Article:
Where the bison roam: Herd treads again on tribal land

The men stood by the edge of the corral to mark the release of the first buffalo to run on the Wind River Indian Reservation in decades.

The sound of their drums mixed with their voices lifted in song and the 10 buffalo shifted nervously before finally they bolted and ran out onto the grassy plain.

The buffalos’ first free steps on the reservation on Thursday marked a homecoming that’s been decades in the making for members of the Eastern Shoshone Tribe.

Leslie Shakespeare, a member of the Eastern Shoshone Business Council, the tribe’s governing body, watched the buffalo move through the tall, parched yellow grass. “It’s very surreal, just seeing them released and seeing them run across the field here,” he said. “Seeing everybody’s emotions — a lot of people are real emotional.”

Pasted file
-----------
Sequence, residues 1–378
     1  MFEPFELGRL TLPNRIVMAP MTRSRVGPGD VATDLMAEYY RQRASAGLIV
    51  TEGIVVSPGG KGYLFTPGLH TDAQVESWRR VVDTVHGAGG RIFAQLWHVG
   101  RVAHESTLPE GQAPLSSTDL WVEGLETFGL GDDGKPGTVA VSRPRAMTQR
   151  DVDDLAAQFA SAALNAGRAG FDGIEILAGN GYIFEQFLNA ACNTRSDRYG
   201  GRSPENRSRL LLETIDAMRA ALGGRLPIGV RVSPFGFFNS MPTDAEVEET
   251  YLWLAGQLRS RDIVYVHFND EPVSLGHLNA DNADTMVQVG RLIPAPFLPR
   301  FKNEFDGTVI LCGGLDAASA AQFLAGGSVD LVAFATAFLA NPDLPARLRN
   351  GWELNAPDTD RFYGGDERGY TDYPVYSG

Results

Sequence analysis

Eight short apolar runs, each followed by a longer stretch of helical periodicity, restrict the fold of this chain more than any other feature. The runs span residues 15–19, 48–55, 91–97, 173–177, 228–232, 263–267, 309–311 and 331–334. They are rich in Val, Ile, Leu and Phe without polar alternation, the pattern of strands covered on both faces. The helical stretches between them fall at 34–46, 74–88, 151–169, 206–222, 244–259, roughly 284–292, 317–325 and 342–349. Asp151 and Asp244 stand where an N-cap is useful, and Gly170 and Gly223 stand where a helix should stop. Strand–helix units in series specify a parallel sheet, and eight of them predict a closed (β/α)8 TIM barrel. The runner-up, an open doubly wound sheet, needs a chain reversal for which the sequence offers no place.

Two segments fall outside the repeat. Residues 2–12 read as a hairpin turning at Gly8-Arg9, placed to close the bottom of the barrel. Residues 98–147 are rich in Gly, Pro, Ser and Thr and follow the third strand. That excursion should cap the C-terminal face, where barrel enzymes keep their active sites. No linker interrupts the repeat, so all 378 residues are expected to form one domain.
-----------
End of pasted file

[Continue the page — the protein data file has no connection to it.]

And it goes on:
It’s been more than a century since buffalo wandered here, tribal members say. The federal government oversaw the extermination of enormous herds of buffalo in the late 1800s.

Jason Baldes, coordinator of the buffalo restoration effort for the Eastern Shoshone, said in a recent interview that the federal government encouraged the wanton slaughter of the buffalo after the cavalry’s defeat in 1876 at the Battle of Little Bighorn.

“So what happened to the buffalo similarly happened to native people,” Baldes said. “And then we are now on isolated pockets of our former territories. Indians were relegated to reservations, and buffalo you know essentially are in isolated, small populations in their former territories and essentially are not even considered a wildlife species. Only in places like national parks are they valued for their role ecologically.”

The 10 buffalo released Thursday are from a genetically pure strain the federal government maintains on a refuge in Iowa. The National Wildlife Federation and U.S. Fish and Wildlife Service have worked with the Eastern Shoshone on the restoration project.